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Clock Simulator

Reading Time: 4 minutes

Title:  Clock Simulator
Developer: Kool2Play
Genre: Rhythm
Platform:  Switch (reviewed), PC, iOS, Android
Audience:  3+
Release Date:  10/01/19
Price:  £3.59 – Rapid Reviews UK was very kindly provided with a review code for this game.

What the Developers Say

One of the most original game concepts is now available on the Nintendo Switch! Clock Simulator is a minimalistic rhythm game. It puts the player in the role of the clock itself to explore the concept of time in a whole new way and offer challenge, relaxation, or plain and simple fun. All that a clock needs to do is to advance precisely once every second. Second, after second, after second, after second … Sounds simple enough? But could YOU take over and do it? Calm down. Relax. Focus on your inner rhythm. Click once a second. Every second. You are the clock.

Clock Simulator offers:

  • A unique concept – a clock-based rhythm game: you are the clock
  • Controls so simple you could play with your eyes closed
  • A variety of play modes and themes ranging from meditative to arcade, all Joy-Con friendly
  • Option to unlock modes and themes you enjoy – play them at your leisure
  • Two competitive multiplayer modes – exclusively on Nintendo Switch
  • Controls utilise the steering possibilities provided by Nintendo Switch


When I was offered a code for a game called Clock Simulator, I laughed.

There’s a lot of simulator games out there for trains, farms, American truck driving and the like. But not one for being a clock. Well, there wasn’t, but now this niche market is filled with the surprisingly entertaining Clock Simulator.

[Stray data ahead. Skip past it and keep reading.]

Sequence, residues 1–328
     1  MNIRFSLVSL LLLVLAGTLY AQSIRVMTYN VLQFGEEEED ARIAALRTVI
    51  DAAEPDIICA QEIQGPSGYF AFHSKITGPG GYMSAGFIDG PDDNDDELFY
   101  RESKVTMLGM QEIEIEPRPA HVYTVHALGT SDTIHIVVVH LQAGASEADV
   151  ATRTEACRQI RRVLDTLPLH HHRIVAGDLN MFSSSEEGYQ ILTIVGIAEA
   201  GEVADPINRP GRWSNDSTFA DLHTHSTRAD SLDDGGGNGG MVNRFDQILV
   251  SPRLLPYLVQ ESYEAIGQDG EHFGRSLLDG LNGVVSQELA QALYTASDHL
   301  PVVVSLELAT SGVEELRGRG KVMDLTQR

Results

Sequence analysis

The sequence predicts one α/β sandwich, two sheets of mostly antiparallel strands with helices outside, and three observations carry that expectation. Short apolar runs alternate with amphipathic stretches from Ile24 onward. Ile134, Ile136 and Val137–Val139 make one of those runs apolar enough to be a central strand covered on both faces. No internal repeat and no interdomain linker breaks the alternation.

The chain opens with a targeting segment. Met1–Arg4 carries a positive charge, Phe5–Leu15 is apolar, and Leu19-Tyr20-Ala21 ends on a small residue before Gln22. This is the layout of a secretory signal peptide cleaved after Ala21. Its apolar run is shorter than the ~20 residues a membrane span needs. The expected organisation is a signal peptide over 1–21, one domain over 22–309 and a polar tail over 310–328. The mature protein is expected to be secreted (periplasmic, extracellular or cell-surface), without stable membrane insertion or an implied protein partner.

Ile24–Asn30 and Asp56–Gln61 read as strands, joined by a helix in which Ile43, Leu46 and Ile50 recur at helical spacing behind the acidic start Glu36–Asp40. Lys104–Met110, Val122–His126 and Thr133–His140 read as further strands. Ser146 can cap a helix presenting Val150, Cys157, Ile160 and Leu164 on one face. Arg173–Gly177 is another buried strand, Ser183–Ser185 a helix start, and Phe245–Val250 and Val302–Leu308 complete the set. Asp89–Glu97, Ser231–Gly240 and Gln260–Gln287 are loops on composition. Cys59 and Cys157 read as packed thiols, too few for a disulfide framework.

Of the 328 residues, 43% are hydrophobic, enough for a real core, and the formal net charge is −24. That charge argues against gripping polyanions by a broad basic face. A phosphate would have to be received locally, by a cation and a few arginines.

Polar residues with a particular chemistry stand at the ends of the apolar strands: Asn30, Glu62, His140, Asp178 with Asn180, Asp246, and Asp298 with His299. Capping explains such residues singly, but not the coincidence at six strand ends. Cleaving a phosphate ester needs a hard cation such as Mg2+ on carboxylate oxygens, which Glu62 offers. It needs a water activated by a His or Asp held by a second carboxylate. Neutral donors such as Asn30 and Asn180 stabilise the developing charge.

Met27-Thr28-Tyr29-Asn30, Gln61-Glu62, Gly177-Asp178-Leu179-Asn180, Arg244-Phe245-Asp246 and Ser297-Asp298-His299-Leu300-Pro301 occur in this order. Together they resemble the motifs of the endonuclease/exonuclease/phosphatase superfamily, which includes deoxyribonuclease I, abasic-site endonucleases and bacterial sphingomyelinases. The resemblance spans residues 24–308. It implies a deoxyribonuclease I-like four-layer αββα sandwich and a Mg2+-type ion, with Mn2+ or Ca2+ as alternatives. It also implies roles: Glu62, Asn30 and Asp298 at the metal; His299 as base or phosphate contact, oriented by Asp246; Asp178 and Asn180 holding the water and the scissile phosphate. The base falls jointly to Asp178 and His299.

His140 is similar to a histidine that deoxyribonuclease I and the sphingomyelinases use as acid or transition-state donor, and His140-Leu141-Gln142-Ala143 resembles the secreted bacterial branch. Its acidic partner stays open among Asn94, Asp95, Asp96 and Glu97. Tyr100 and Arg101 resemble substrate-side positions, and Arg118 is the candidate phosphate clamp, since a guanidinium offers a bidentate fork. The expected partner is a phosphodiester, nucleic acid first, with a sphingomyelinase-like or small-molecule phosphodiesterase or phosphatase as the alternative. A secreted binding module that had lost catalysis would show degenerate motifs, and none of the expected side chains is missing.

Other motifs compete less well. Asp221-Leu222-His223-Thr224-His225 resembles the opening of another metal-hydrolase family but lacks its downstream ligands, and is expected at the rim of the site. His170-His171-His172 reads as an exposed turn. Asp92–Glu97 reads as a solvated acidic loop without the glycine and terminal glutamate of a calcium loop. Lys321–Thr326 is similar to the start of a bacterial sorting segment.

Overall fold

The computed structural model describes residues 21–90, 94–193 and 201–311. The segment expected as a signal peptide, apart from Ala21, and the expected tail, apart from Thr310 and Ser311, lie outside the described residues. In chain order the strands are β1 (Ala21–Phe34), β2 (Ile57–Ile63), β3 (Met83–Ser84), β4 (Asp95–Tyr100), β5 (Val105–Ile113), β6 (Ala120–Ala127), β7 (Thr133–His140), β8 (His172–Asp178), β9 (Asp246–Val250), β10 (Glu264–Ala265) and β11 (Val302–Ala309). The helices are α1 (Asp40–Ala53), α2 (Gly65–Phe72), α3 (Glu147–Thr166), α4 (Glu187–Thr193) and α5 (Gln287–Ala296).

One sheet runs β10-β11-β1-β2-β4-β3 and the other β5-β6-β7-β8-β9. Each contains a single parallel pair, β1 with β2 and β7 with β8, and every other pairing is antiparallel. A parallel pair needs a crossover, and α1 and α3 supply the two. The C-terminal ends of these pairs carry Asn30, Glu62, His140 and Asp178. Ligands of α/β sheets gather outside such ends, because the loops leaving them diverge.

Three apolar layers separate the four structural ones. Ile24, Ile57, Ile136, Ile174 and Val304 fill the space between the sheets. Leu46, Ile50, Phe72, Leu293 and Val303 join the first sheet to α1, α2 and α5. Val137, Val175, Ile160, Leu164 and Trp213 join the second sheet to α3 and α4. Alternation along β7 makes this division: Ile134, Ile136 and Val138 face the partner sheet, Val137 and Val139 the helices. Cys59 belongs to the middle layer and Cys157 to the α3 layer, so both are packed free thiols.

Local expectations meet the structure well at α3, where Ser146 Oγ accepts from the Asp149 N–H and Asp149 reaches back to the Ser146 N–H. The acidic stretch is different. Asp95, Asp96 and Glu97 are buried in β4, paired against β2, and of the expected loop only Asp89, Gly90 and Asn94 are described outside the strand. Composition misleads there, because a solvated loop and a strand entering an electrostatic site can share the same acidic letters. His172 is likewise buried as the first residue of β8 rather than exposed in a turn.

Clock Simulator is mostly a fun minigame collection that all revolve around the same rough mechanic. You’re a clock, and you have to keep in time.

Looks & Sounds

I’m going to say right now that I am a fan of how this game looks. The design, in particular, is fresh and modern and not what I was expecting at all. It’s minimal in a way that doesn’t look cheap, and the simplicity of the design mirrors the game mechanic well.

The sounds in the game are similarly minimal, and they work well with the gameplay too. Many levels have just the ticking of you advancing the second hand, and I found this game quite relaxing to play because of it.

The screenshot above is right, and it can be a great mindfulness experience.

Gameplay & Replayability

The gameplay in almost every level is a play on counting seconds and tapping at the right time. In many levels, you can use the touchscreen on the Switch to advance time, which was my preferred method. I was slightly annoyed when I couldn’t, or when levels didn’t seem to work without Joycons connected as this is also a mobile game playable purely through touch. So it’s reasonable to expect to play this game like you would a phone game, but you can’t always do that.

When you start the game, you’re greeted with a list of the minigames you’ve unlocked as seen above. There’s a lot of games on offer with the majority of the differences being in the presentation. I’d rate the replayability quite high as it’s a score attack style game in the same way Tetris or Lumines is, and I have come back a few times after I thought I was done with it to see if I could beat my score on a game I liked.

There are also some Switch exclusive multiplayer modes, and I enjoyed those too. There’s not enough for it to become a big party game, but I think that’s reflected in the price.


Clock Simulator is surprising. I was surprised that somebody called a game Clock Simulator and I was even more surprised that it was good. Even the multiplayer modes were good, and caused some tense moments in my household!

The only reason I can’t wholeheartedly recommend Clock Simulator is that it’s free on iOS and Android and honestly having played that version a few times I do prefer it there. The Switch exclusive multiplayer doesn’t seem worth £3.59, but as a package, it’s pretty good.

Rapid Reviews UK Rating

You can purchase Clock Simulator on the Nintendo Switch eShop at the following link,

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